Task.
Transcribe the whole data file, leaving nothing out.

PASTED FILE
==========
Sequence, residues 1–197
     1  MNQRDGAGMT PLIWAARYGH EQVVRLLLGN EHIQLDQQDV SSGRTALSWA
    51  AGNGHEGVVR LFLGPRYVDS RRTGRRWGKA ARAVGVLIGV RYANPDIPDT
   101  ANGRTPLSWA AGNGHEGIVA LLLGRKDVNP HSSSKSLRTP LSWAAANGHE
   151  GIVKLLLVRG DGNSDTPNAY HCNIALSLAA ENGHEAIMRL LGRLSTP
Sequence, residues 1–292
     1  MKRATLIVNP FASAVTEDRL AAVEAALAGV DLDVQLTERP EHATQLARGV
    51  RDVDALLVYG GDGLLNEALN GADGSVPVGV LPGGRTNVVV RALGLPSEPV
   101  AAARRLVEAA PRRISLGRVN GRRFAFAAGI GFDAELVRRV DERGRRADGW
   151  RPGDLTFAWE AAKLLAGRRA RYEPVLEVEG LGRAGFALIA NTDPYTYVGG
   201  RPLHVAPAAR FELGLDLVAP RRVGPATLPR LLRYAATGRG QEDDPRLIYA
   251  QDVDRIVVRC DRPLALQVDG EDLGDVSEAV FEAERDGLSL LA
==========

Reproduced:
Sequence, residues 1–197
     1  MNQRDGAGMT PLIWAARYGH EQVVRLLLGN EHIQLDQQDV SSGRTALSWA
    51  AGNGHEGVVR LFLGPRYVDS RRTGRRWGKA ARAVGVLIGV RYANPDIPDT
   101  ANGRTPLSWA AGNGHEGIVA LLLGRKDVNP HSSSKSLRTP LSWAAANGHE
   151  GIVKLLLVRG DGNSDTPNAY HCNIALSLAA ENGHEAIMRL LGRLSTP
Sequence, residues 1–292
     1  MKRATLIVNP FASAVTEDRL AAVEAALAGV DLDVQLTERP EHATQLARGV
    51  RDVDALLVYG GDGLLNEALN GADGSVPVGV LPGGRTNVVV RALGLPSEPV
   101  AAARRLVEAA PRRISLGRVN GRRFAFAAGI GFDAELVRRV DERGRRADGW
   151  RPGDLTFAWE AAKLLAGRRA RYEPVLEVEG LGRAGFALIA NTDPYTYVGG
   201  RPLHVAPAAR FELGLDLVAP RRVGPATLPR LLRYAATGRG QEDDPRLIYA
   251  QDVDRIVVRC DRPLALQVDG EDLGDVSEAV FEAERDGLSL LA